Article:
Rationale: Rats selectively bred for high saccharin (HiS) intake consume more alcohol and acquire intravenous (IV) cocaine self-administration more rapidly than their low saccharin (LoS) consuming counterparts. Objectives: The purpose of the present study was to determine whether HiS and LoS rats also differ in the escalation, maintenance, and reinstatement of IV cocaine self-administration. Methods: LoS and HiS female rats were allowed to self-administer cocaine [0.4 mg/kg; fixed ratio (FR) 1] under short (ShA, 2 h per day) or long (LgA, 12 h per day) access conditions for 21 days. Session lengths were subsequently equated (2 h) and (1) FR1-maintained cocaine (0.4 mg/kg) self-administration, (2) progressive ratio (PR)-maintained cocaine (0.2-1.6 mg/ kg) self-administration, and (3) saline-induced and cocaine (10 mg/kg, IP)-induced reinstatement of drug-seeking behavior were examined. Results: HiS LgA rats escalated their cocaine intake more rapidly and self-administered more cocaine (mg/kg) than LoS LgA rats; however, there was no LoS versus HiS phenotype difference in the number of infusions self-administered by Day 21. Post-escalation cocaine self-administration under an FR1 schedule did not differ as a function of phenotype (LoS versus HiS) or access condition (ShA versus LgA); however, LoS rats responded more for cocaine under the PR schedule than HiS rats, and they showed a greater reinstatement of cocaine-seeking behavior than HiS rats. In contrast, ShA versus LgA did not affect PR or reinstatement performance in the LoS and HiS groups. Conclusions: These results suggest that LoS and HiS rats have distinct drug-seeking and drug-taking profiles that differ as a function of the experimental phase and access condition. The LoS and HiS rats differ along a wide range of behavioral dimensions and represent an important model to study the interactions of feeding, emotionality, and other factors related to vulnerability to drug abuse.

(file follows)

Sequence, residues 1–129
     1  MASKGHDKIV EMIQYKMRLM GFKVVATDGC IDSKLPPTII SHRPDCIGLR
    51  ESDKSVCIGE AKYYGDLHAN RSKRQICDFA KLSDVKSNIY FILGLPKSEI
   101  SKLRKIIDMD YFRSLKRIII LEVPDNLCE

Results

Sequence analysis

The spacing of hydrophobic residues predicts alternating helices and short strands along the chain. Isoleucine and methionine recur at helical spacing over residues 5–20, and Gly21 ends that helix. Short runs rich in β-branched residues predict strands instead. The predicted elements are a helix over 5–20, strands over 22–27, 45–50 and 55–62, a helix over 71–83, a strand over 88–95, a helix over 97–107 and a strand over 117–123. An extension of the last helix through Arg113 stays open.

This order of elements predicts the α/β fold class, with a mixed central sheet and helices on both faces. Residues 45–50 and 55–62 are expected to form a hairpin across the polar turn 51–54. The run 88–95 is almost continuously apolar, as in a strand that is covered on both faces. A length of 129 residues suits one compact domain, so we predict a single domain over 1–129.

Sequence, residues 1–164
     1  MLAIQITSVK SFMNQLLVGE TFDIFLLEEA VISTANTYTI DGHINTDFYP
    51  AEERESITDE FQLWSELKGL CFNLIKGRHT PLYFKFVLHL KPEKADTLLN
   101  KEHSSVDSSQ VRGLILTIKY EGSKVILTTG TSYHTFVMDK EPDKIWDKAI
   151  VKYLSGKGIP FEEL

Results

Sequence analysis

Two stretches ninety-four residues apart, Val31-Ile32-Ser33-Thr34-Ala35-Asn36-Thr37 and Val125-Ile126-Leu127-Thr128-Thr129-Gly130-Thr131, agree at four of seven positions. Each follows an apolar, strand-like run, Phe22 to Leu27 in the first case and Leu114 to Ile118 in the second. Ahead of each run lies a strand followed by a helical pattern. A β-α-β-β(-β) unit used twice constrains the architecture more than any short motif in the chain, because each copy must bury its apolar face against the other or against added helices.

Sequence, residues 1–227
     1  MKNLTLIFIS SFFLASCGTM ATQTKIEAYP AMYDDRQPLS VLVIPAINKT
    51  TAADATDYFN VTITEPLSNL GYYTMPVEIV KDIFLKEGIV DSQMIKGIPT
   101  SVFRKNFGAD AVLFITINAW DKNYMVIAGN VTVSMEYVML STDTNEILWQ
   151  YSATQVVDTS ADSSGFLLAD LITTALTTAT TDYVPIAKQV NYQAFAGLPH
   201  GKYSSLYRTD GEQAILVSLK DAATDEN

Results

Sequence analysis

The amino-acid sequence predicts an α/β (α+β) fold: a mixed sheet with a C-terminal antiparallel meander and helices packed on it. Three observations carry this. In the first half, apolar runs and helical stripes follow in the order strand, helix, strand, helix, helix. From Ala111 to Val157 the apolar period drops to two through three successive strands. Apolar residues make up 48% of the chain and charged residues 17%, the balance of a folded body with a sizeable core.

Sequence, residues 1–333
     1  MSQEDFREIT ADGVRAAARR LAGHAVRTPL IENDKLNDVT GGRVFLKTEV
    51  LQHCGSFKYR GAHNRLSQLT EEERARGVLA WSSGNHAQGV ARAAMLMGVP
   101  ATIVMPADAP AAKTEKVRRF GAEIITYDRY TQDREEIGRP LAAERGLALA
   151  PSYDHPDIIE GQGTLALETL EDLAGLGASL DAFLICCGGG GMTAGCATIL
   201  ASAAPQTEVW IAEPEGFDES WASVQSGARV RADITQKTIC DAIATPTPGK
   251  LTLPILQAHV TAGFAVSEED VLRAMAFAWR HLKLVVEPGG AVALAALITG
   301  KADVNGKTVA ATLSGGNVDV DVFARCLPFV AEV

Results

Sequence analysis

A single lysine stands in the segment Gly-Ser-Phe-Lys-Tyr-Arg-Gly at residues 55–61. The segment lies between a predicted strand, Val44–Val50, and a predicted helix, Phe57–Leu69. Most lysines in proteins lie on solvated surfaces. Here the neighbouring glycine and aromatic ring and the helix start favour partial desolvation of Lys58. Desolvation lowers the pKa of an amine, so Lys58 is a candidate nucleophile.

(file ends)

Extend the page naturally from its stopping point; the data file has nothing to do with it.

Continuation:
Bibliographical noteFunding Information:
Acknowledgements The authors would like to thank Jennifer L. Perry and Erin B. Larson for careful reading of this manuscript, and Annemarie K. Loth, Justin Anker, and Marissa M. Anderson for their technical assistance. This work was supported by NIH grants T32 DA07097 (A.D.M.), RO1 DA03240, and K05 DA15267 (M.E. C.).
- Cocaine self-administration
- Progressive ratio
- Selective breeding